The much anticipated “Nigerian Air” could be reaching a stumbling block in the meantime as Airline Operators of Nigeria (AON) filed a lawsuit to stop the deal and withdraw the Air Transport Licence already issued to Nigeria Air.
In the lawsuit filed at the Federal High Court in Lagos, Nigerian Air, Ethiopian Airlines, the Minister of Aviation, Hadi Sirika, and Attorney-General of the Federation, Abubakar Malami were listed as defendants.
Investors King had reported that the Federal Government through the Ministry of Aviation has chosen Ethiopian Airlines as the preferred bidder for the country’s National Carrier, “Nigerian Air”.
It would be recalled that in September 2022, the Minister of Aviation, Senator Hadi Sirika announced Ethiopian Airlines as the preferred bidder with a 49 percent stake.
While the federal government holds a stake of 5 percent, a consortium of Nigerian investors which include SAHCO, MRS and the Nigerian Sovereign Fund hold a combined stake of 46 percent
Justifying the reason why Ethiopian Airlines emerged as the preferred bidder, Hadi Sirika revealed that only Ethiopian Airlines showcase interest in the bidding despite the numerous extensions to accommodate more interest.
The minister added that Ethiopian Airlines met all the stipulated conditions and the company is ready to commit the needed fund.
This however did not go down well with the domestic air operators who claimed that it will lead to capital flight and cripple the domestic competitors.
They noted that the Federal Government’s partnership with Ethiopian Airlines on the National Carrier will send domestic airlines out of business by opening up the domestic air travel market to Ethiopian Airlines.
Furthermore, the Air Operators of Nigeria alleged that the company which served as the transaction adviser for the deal was incorporated in March 2022 and could be linked to the aviation minister.
They further alleged that the Air Transport License (ATL) issued to Nigerian Air is faulty as it did not pass through the normal security clearance.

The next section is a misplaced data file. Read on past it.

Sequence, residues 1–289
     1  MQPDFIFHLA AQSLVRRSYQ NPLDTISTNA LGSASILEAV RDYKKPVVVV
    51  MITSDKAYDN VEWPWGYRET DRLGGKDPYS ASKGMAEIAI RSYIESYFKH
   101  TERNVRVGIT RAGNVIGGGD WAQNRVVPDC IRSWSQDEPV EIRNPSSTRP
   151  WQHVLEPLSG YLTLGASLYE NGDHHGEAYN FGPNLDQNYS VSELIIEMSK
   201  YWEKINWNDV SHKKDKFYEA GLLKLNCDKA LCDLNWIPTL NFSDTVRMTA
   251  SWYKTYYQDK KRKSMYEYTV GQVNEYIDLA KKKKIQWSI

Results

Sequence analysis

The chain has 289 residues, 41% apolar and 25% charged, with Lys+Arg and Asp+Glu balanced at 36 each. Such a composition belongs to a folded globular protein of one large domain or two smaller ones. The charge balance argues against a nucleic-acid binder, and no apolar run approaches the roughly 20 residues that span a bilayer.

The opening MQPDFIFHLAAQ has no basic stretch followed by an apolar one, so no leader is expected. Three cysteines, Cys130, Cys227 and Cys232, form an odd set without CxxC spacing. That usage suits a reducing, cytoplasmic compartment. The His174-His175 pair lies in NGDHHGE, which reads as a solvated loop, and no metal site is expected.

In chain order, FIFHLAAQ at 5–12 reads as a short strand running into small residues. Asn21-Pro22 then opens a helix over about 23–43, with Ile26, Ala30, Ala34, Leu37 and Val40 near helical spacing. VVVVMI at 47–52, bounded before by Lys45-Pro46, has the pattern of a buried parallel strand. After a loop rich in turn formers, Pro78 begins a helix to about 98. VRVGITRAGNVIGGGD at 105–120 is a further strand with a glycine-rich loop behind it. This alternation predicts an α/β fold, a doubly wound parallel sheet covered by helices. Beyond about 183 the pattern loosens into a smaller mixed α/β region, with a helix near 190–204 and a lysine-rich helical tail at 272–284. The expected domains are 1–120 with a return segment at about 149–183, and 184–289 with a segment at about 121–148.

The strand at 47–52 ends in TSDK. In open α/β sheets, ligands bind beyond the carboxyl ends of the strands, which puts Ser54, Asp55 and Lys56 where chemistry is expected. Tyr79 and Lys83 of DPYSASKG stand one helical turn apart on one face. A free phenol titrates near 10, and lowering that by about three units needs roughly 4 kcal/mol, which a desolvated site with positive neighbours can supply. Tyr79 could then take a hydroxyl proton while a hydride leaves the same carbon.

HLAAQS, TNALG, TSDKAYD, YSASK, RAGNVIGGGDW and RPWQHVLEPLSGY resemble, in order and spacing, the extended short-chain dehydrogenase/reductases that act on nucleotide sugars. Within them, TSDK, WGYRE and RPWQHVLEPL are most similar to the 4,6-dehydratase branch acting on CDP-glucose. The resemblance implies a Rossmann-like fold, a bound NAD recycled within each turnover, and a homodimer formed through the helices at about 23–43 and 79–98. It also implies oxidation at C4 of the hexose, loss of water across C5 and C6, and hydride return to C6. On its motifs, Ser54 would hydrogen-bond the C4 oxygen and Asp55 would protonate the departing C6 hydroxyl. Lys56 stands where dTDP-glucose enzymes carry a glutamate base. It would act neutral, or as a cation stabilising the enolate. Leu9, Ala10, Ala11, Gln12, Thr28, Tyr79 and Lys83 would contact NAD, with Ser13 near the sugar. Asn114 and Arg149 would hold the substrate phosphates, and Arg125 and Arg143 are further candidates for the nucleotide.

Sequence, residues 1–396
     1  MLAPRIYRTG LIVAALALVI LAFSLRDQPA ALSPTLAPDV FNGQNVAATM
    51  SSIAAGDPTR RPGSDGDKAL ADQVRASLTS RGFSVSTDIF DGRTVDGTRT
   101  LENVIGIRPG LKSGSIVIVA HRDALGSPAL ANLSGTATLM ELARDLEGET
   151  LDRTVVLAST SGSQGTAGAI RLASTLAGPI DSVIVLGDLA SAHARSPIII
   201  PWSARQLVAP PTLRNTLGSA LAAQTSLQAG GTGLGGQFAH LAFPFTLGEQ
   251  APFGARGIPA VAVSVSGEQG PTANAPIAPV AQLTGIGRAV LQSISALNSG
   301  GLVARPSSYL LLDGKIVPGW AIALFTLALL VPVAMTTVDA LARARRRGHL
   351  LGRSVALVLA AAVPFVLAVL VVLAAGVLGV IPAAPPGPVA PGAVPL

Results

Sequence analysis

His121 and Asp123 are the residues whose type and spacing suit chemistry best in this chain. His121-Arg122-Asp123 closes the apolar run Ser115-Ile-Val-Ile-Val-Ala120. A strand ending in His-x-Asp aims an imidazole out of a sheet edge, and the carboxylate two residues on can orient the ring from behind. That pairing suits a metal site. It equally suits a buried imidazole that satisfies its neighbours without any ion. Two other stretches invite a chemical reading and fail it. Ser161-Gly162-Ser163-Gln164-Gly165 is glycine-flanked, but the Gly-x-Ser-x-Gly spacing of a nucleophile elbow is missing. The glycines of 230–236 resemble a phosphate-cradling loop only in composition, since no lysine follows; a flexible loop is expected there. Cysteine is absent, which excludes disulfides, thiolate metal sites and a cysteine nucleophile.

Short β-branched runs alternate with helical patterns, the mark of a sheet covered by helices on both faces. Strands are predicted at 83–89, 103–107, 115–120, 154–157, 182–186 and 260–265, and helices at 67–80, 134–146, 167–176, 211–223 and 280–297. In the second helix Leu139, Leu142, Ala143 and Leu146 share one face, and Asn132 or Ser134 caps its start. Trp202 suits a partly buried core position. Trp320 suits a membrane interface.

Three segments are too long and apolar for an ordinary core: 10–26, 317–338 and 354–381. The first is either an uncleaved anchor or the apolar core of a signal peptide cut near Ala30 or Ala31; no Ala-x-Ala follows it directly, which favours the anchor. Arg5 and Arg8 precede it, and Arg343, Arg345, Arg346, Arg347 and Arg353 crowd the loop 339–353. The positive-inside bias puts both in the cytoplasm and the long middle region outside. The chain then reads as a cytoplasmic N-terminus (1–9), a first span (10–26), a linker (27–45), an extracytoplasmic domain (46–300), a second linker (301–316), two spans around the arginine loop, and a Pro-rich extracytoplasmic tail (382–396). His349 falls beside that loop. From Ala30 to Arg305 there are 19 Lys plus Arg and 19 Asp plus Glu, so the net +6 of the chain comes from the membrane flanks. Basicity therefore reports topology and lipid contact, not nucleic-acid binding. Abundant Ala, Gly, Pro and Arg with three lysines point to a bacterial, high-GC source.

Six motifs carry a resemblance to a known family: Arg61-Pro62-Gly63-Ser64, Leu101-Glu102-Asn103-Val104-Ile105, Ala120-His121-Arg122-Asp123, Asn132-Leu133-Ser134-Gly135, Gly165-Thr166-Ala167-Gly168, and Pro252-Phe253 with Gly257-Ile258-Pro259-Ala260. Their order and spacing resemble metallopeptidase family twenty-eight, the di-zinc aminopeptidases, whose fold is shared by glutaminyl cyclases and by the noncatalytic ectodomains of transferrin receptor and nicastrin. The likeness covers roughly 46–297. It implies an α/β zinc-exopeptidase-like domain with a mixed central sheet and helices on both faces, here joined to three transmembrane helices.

Nigeria to Implement Biometric Clearance Gates at International Airports by March 2024
Nigeria is gearing up to introduce a significant upgrade to its airport security measures with the implementation of biometric clearance gates at international airports by March 2024.
This move aims to streamline passenger processing and bolster national security efforts.
Under the plan, five major international airports across Nigeria, including the Murtala Muhammed International Airport in Lagos, Nnamdi Azikiwe International Airport in Abuja, Mallam Aminu Kano International Airport, Port Harcourt International Airport, and Akanu Ibiam International Airport in Enugu, will be equipped with biometric clearance gates.
These gates will utilize advanced technology to provide seamless clearance services for passengers entering the country.
Minister of Interior, Olubunmi Tunji-Ojo, emphasized that the installation of biometric gates reflects Nigeria’s commitment to enhancing border control management and adhering to global best practices.
The gates are expected to significantly reduce clearance times, with a passenger clearing in just 30 seconds.
Tunji-Ojo highlighted the gates’ dual purpose: expediting passenger processing while also enhancing national security by allowing for quick identification of persons of interest.
The initiative aligns with President Bola Tinubu’s Renewed Hope Agenda, aiming to provide quality services to Nigerians while ensuring national security.